Our countries need us.

Published by Anonymous (not verified) on Sat, 24/02/2018 - 10:05pm in

Humanity is at a high point. What our ancestors dreamed of is slowly becoming a reality: a world without hunger in which the vast majority of mankind live peaceful and long lives. We are not there yet, but in Europe, East Asia, Latin America, and even in Africa (our cradle), mankind is emerging from dark times. People live longer, healthier, happier, and more educated lives. Paid for and organised by countries, helped by international flows of people and information.

And yet, our countries are under threat from a disconnect between the elites and the population of individual countries.

The elites are having a great time. They can live almost anywhere they want; they have access to all the food and living space they could wish for; and their children are assured a fantastic education and long lives, aided by all the ingenious inventions of our best minds. They have multiple passports and speak multiple languages, choosing where to live, love, work and die.

This luxury has come with the temptation to abandon their role as the protectors of the institutions and cultures of their countries. Many of them feel constrained by countries, part of a world elite that runs countries and manipulates countries, but is not part of them.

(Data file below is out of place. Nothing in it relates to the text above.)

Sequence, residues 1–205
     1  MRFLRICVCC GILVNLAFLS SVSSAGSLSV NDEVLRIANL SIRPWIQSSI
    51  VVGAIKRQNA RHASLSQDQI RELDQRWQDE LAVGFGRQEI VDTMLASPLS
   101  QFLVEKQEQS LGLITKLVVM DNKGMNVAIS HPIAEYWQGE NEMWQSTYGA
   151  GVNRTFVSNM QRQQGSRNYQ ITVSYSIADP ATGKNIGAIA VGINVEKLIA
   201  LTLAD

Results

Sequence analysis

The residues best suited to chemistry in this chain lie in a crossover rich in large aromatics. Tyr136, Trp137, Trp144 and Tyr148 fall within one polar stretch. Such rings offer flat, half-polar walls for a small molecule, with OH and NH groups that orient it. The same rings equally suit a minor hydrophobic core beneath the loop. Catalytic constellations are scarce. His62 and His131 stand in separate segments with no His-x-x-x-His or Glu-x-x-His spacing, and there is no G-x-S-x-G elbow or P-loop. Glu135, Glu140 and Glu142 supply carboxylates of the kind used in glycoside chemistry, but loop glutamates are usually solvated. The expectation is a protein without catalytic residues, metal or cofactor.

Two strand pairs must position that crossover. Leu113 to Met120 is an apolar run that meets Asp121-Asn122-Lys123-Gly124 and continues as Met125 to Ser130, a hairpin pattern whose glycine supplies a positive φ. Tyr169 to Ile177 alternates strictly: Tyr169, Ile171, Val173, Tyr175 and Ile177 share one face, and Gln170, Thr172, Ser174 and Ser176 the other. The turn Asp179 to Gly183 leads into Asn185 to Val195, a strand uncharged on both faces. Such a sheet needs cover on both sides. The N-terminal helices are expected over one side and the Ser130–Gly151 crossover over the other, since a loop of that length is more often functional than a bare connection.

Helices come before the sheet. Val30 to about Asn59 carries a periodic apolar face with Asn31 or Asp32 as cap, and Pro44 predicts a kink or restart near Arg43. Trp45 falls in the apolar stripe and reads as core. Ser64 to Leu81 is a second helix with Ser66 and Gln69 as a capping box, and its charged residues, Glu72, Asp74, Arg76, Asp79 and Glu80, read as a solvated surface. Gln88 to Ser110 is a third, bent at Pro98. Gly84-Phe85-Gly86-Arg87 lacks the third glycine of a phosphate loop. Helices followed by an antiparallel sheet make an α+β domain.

So they live fluid lives, avoiding the duties that countries put on them but enjoying their hospitality and privileges. They and their companies avoid taxes. They trade on internet platforms that evade the scrutiny and regulations of nation-states, which they often re-write. They complain about the stupidity of the populations and how everyone should be like the elites. They are eroding the strength of the countries that gave rise to them.

I too am part of this group, currently living in my fourth country, welcome wherever I go. I am not a billionaire or a famous actor, but part of the academic establishment, the high priesthood of our time. We come and go as we please, enjoying the best of life, working on what we want, and dreaming of even greater powers.

My kind dreams of the world empire in which we are either the emperor or at least important members of his court. This includes the climate scientists who dream of directing the resources and energy uses of the planet. It includes the AI people who dream of a world run by hybrid entities that they create. It includes the economists who dream of transnational structures that they regulate. It includes the lawyers who dream of an international legal order. It includes the businessmen who dream of a world without government.

I too dream of a world governance system that maximises the well-being of the world, for the benefit of the living and the generations to come.

Yet, I say to myself and to you that there will be no world empire and that your country needs you. Yes, your country. You can probably choose which country you want to belong to, but your chosen country still needs you.